Visit Bat Conservation International as well as the MnDNR's web page on bats.
No. While there are several species of venemous snakes down in the extreme southeastern corner of Minnesota along the Mississippi river, none are here. We do have non-venemous fox snakes that can vibrate their tails sounding like rattlesnakes and coil and strike but they are harmless and a beneficial predetor of small rodents.
After having verified the presence of West Nile Virus in the state, the MN Department of Health is no longer seeking reports of dead birds in Minnesota. for more information, visit the MN Department of Health web site for more information regarding West Nile Virus.
In virtually all cases, River Bend encourages anyone who finds an injured, "orphaned," or baby animal to leave it where found, protect it from children and domestic pets, and let nature take its course (after all, injured, sick, and young animals are all very important in the food chain). Many wild babies, especially deer and rabbits, are often mistaken for being orphaned when they are not. Wild animals should not be handled with bare hands, treated like pets, given food or water, or taken indoors, except under the direction of a licensed wildlife rehabilitator. For complete information, visit the MN DNR's web site on animal rehabilitation or for good information on specific situations visit wildlife-international.org. The Wildlife Rehabilitation Center of Minnesota is the only real wildlife rehab facility in the area or call 651-486-9453.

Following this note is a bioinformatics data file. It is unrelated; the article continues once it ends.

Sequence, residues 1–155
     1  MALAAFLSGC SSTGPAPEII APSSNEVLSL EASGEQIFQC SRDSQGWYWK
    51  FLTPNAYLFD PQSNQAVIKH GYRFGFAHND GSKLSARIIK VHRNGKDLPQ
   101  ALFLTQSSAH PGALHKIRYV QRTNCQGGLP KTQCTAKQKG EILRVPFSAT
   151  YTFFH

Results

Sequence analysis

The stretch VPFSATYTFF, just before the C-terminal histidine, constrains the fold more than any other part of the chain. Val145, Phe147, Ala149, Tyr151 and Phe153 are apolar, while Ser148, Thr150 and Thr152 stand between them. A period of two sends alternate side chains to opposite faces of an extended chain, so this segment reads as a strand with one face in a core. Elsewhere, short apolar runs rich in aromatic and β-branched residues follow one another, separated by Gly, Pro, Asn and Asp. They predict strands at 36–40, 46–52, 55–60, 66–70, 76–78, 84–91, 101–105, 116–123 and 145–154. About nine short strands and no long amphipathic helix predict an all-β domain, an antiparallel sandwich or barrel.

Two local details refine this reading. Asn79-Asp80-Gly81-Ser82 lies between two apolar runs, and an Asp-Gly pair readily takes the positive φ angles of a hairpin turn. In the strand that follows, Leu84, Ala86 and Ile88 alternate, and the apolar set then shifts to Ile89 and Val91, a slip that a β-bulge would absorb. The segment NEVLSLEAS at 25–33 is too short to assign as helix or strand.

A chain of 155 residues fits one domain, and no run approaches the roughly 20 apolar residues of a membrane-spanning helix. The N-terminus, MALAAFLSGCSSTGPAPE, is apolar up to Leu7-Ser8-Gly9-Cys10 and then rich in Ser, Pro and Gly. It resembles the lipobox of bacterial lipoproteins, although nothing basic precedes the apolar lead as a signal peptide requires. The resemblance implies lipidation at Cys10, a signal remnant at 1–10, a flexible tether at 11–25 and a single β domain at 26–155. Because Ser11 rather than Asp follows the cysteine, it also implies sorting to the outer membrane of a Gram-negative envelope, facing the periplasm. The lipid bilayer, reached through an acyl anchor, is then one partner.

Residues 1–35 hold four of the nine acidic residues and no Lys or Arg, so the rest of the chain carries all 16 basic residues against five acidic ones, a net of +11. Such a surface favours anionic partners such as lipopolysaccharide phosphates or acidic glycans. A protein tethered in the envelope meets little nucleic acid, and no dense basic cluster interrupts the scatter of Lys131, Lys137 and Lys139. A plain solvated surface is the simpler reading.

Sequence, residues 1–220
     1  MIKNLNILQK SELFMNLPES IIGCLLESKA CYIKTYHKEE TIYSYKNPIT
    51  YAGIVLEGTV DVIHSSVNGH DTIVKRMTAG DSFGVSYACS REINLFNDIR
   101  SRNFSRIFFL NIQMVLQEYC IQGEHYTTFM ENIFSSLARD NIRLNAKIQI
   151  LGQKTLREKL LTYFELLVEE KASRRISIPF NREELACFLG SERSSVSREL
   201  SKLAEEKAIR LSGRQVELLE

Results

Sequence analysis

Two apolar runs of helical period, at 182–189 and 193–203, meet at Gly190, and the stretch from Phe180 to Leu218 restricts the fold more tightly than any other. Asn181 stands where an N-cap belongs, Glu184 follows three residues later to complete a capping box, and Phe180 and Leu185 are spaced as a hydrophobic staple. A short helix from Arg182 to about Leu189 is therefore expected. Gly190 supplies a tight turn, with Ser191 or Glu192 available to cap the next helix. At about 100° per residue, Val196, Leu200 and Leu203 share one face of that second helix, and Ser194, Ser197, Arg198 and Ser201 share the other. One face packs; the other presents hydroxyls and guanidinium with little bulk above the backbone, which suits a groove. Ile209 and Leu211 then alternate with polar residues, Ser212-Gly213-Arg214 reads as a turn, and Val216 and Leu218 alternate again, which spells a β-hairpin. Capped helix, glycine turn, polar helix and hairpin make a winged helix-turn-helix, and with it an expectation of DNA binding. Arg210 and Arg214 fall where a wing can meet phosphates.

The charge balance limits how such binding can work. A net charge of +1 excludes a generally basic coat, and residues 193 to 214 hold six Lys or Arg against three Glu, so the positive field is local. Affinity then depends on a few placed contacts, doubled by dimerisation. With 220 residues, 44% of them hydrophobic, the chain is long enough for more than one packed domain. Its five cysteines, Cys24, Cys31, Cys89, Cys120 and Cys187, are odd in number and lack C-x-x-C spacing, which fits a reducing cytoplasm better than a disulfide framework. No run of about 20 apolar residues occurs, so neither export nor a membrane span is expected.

If you have found an injured raptor (bird of prey: owls, hawks, eagles, falcons), the University of Minnesota Raptor Center is the only rehabilitation center for these types of birds in the area or call 612-624-4745. It is unlawful to possess live or dead raptor specimens. Rehabilitiation of migratory birds requires a permit from the US Fish & Wildlife Service and a MN DNR permit.
Visit The University of Minnesota Extension Service for good information on identifying what is doing the digging (it may not be what you think) and then essortment.com for tips on dealing with them.
Visit the DNR website for good information.
Visit the MN DNR website for good information.
Visit The University of Minnesota Extension Service for good information.
Check this University of New Hampshire document for ideas on how to manage them.
They bloom in late April depending on weather conditions. The earliest bloom date was April 2, 2012 and the latest was May 5, 1975 with the average bloom date being April 22. Check this MN DNR document to find out why they're so special!
River Bend only has a campsite for canoers on the Straight River. It is remote and rustic with only a few picnic tables and a fire ring. No access is available by car. For more information, visit our canoe-in campsite page.
While River Bend does have groomed cross-country ski trails in winter we do not rent skis at this time. We do rent snowshoes when there are six inches of snow on the ground or more.